*New-Annotations : Required. For insects there isn’t a problem with multiple choices. A single field with Life Stage entry: None, Adult, Larva, Pupa would suffice. Sex annotation is simply None, Male, Female

*New-Identifiers : Required, with user_login. Most of the avid moth-ers in North America know the experts or experienced enthusiasts. Although this suggestion breaks database normalization rules, I’d like no more than 5 identifiers listed as separate fields: IDer1, IDer2, IDer3… Most have only 1 or 2, but some of the trickier species may have up to 5.

Observation Fields: At present only one’s own fields are available for selection even when extracting obs from a different single user. I have no idea what additional fields are being used by the other 25,000+ moth users, but if there are other fields than my own, I’d like to have the opportunity to see what they contain.

*New-Download Selected Fields by User Specified Order. Not required but may be a huge time saver for Excel users. Now a download presents fields in the order that iNat lists them on the Export Observation. In Excel one can’t map the fields to existing spreadsheet columns. However, most DBMAs do allow mapping fields. Depends on what program is being used for the downloaded data.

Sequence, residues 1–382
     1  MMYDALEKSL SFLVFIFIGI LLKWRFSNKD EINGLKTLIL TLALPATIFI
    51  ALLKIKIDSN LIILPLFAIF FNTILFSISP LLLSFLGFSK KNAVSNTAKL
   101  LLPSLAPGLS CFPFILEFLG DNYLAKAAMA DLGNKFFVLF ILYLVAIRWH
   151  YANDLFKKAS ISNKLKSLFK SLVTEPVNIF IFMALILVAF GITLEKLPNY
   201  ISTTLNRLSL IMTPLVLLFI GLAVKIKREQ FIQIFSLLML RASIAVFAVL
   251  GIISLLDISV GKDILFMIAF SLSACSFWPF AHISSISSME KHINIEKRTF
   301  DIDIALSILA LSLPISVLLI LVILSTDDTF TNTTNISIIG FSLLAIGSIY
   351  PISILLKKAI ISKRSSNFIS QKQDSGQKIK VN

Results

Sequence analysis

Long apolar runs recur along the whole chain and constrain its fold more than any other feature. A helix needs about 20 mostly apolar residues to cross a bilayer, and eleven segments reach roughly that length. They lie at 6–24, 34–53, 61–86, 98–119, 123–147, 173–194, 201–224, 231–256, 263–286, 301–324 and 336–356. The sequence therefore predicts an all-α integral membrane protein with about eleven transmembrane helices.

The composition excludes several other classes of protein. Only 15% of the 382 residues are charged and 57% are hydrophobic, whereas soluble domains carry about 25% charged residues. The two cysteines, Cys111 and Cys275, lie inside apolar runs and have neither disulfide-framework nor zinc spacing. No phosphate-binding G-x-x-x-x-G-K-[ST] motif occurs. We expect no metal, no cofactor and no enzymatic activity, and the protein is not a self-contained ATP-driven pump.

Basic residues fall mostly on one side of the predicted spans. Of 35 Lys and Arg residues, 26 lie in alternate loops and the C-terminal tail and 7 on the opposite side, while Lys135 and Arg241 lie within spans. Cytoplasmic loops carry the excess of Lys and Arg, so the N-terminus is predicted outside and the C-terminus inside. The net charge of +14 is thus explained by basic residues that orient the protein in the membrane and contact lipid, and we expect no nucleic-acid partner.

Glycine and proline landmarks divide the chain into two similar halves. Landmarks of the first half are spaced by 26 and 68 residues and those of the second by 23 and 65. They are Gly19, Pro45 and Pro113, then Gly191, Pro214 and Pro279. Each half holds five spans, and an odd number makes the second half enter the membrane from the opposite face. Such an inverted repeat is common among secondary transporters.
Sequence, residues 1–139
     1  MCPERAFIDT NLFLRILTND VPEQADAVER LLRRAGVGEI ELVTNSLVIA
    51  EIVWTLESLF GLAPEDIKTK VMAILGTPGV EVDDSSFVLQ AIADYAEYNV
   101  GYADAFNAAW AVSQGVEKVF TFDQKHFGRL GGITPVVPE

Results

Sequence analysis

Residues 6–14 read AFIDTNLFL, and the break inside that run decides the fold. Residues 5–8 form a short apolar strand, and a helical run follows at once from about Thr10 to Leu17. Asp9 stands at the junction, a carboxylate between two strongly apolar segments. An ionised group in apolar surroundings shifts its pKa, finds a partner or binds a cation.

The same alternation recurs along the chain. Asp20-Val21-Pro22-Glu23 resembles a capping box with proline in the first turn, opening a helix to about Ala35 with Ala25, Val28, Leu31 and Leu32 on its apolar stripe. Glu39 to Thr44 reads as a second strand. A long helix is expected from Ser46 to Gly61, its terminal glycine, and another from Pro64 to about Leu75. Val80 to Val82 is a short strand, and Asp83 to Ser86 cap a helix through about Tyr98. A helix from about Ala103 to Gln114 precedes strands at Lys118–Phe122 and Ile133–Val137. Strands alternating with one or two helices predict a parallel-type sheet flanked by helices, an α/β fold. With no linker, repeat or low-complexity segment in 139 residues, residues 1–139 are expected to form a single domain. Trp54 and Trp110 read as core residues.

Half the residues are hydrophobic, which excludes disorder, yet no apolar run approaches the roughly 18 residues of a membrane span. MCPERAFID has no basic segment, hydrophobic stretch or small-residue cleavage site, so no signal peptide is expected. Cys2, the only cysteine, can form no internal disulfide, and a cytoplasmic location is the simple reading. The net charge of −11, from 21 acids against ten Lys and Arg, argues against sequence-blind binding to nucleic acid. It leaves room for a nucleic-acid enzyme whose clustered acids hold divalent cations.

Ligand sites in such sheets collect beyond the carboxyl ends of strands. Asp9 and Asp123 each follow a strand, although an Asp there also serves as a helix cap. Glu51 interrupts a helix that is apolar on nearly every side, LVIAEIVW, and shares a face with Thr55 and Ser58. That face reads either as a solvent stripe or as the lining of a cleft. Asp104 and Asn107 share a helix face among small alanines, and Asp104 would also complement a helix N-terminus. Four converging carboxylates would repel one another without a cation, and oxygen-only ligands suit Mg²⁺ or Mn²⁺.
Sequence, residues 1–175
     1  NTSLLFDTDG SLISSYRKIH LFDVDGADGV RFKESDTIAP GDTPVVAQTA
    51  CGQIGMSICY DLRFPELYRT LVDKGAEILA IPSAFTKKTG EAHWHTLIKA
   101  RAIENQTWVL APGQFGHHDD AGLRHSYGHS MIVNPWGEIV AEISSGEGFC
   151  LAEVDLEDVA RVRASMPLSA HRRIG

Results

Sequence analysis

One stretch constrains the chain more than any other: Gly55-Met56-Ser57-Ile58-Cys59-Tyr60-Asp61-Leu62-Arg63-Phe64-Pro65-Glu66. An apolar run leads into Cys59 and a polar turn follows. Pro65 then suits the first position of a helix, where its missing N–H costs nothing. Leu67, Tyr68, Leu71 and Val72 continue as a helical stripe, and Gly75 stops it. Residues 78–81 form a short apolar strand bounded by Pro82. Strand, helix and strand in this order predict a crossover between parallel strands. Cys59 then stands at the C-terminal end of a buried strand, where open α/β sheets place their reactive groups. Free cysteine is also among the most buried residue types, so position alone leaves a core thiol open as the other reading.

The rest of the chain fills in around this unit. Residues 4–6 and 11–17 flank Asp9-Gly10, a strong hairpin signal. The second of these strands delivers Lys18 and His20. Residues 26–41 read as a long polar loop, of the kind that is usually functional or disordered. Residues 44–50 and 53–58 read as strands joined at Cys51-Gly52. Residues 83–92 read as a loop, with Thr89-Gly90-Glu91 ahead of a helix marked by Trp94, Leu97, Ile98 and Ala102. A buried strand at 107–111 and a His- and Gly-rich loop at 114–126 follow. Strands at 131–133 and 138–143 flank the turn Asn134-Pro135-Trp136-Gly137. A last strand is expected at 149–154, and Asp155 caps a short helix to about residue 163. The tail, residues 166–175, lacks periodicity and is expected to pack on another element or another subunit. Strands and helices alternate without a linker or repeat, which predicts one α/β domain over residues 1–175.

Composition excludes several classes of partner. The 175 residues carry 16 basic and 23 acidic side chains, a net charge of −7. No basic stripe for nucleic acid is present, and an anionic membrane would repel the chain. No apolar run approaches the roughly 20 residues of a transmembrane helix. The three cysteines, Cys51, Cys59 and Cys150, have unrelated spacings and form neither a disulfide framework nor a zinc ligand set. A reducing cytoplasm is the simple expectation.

A question; perhaps it should have been the first @carrieseltzer: is the Export Observations page actually in the pipeline for an update/overhaul, or is this simply information-gathering for an undetermined future that may or may not ever be implemented?

@dkaposi Anything to add, David?

Thanks,
Monica Krancevic (krancmm)

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Nothing new to add, but this is a nice summary of things that we would also find helpful. I don’t believe that the export functionality has changed much in the 4 years that I’ve been on iNat. Given the size of the site, and the addition of annotations, it would be great to adapt the export utility if there is a desire to see iNat-data used more widely.

David